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May: National High Blood Pressure Education Month

5/13/2014, 11:45 p.m.
African Americans tend to have higher rates of early death from related high blood pressure problems, such as coronary heart disease, stroke, and kidney failure./ Courtesy Photo

High blood pressure affects 68 million Americans—that’s nearly one in three adults.

In the DC metropolitan area, the numbers are just as startling. According to local data, prevalence rates in the area are as high as 55 percent.

The month of May being National High Blood Pressure Education Month, serves as an important opportunity to educate patients about this disease. Particularly for African Americans, who have significantly higher rates of the disease.

Although nearly 46 percent of African-American women have high blood pressure, compared to 32.2 percent of all women, the rates for black men are similar. Forty-three percent of African American men have the disease versus 34.1 percent of all men. Other points to consider are that African Americans:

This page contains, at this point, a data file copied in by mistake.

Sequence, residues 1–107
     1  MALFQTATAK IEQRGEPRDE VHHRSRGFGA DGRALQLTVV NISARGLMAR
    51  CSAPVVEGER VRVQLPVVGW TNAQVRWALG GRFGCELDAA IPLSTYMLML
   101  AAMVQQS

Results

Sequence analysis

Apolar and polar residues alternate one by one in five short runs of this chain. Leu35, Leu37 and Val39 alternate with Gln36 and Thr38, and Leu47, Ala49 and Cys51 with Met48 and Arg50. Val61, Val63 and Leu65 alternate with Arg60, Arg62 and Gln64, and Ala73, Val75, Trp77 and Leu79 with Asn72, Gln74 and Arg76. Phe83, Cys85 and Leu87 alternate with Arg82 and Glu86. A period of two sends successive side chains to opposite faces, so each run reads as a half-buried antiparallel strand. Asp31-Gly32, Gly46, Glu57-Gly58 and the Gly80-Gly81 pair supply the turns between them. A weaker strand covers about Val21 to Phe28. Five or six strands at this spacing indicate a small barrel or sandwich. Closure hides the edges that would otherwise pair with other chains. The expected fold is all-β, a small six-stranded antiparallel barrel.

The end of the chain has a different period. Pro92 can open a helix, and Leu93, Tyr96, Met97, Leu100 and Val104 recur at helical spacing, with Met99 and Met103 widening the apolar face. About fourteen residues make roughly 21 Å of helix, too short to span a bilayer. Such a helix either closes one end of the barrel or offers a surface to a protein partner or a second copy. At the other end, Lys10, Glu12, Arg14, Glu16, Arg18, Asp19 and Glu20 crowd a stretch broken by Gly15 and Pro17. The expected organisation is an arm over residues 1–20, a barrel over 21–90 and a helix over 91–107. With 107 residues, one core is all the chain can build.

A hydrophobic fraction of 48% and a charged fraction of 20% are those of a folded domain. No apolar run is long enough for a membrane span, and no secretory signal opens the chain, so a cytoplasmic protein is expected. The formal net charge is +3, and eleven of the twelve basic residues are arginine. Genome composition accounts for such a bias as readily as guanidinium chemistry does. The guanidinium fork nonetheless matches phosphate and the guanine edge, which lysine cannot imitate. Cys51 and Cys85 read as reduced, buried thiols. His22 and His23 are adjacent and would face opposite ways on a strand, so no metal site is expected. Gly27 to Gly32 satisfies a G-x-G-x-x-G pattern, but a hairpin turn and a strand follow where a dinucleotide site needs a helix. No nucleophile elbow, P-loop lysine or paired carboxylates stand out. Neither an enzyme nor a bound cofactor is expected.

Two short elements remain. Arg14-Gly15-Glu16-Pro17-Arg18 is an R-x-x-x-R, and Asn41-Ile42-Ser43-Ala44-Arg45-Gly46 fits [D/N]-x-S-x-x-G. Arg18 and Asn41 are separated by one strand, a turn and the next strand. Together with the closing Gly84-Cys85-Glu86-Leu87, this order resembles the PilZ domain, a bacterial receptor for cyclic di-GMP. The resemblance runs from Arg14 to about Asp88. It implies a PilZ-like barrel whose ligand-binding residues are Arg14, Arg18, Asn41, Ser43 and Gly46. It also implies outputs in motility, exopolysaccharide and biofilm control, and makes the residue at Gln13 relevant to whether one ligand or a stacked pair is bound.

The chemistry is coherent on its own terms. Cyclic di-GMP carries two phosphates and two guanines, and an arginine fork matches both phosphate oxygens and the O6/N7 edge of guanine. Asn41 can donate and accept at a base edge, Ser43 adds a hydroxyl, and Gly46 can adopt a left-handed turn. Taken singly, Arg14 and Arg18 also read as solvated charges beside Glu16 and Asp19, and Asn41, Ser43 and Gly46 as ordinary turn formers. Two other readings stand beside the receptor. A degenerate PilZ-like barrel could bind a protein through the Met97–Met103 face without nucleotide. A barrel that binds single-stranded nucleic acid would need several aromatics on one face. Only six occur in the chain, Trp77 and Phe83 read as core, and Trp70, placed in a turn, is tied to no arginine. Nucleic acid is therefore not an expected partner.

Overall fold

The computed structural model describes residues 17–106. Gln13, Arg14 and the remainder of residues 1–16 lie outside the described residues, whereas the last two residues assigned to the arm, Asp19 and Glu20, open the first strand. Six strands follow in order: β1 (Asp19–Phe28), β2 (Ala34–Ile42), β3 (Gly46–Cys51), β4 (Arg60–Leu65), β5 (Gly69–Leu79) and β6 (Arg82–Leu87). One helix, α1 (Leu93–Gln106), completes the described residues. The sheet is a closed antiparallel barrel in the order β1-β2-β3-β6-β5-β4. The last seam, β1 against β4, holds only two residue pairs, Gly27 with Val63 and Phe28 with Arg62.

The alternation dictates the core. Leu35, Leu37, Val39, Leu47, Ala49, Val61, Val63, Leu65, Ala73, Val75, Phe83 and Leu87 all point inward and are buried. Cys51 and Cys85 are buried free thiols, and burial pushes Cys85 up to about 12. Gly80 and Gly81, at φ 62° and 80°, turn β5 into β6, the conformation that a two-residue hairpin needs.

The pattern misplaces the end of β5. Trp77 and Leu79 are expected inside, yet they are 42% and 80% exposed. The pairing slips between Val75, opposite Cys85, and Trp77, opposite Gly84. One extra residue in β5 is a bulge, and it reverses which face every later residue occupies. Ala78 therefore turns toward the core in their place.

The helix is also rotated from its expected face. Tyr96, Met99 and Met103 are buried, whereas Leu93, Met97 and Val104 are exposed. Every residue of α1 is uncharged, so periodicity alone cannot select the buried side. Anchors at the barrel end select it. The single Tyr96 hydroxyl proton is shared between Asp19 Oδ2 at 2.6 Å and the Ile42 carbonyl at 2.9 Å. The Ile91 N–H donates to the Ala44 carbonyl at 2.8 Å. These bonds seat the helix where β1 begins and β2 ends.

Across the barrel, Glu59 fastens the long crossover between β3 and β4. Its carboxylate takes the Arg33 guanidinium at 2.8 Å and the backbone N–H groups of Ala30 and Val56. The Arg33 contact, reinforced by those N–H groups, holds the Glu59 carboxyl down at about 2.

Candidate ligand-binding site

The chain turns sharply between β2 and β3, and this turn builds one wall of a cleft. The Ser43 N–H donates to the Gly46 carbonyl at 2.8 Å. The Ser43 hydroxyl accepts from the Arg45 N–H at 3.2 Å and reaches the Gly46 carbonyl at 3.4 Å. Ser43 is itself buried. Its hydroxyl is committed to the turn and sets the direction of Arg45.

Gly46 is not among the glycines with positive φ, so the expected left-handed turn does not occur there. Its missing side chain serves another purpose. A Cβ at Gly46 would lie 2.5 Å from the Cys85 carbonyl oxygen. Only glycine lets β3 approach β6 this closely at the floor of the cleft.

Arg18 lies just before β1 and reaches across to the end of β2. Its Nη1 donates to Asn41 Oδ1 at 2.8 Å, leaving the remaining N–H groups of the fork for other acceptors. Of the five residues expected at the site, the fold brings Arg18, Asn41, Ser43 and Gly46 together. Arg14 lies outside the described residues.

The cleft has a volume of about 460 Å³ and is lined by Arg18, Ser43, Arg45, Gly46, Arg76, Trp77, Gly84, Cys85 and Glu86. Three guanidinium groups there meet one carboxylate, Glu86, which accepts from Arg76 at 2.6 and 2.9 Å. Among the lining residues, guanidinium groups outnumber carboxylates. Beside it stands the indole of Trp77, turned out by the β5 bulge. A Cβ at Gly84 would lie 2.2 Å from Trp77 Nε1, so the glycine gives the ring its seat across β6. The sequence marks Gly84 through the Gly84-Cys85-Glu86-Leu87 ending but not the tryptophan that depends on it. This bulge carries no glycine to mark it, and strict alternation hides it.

• Tend to get high blood pressure earlier in life

• Often have more severe high blood pressure

• Are less likely to achieve target control rates with treatment, and

• Have higher rates of early death from related problems, such as coronary heart disease, stroke, and kidney failure.

Three local medical groups and health systems—Inova Medical Group, Kaiser Permanente, and MedStar Health—are taking part in the “Measure Up/Pressure Down® National Day of Action: Roll up Your Sleeves!” on Thursday, May 15.

The event is a one-day nationwide effort for campaign supporters around the country to roll up their sleeves and take at least one "action" in their local community to raise awareness of high blood pressure.

At locations across the area, the groups will raise awareness of the “silent killer” and improve control rates with free screenings and educational sessions.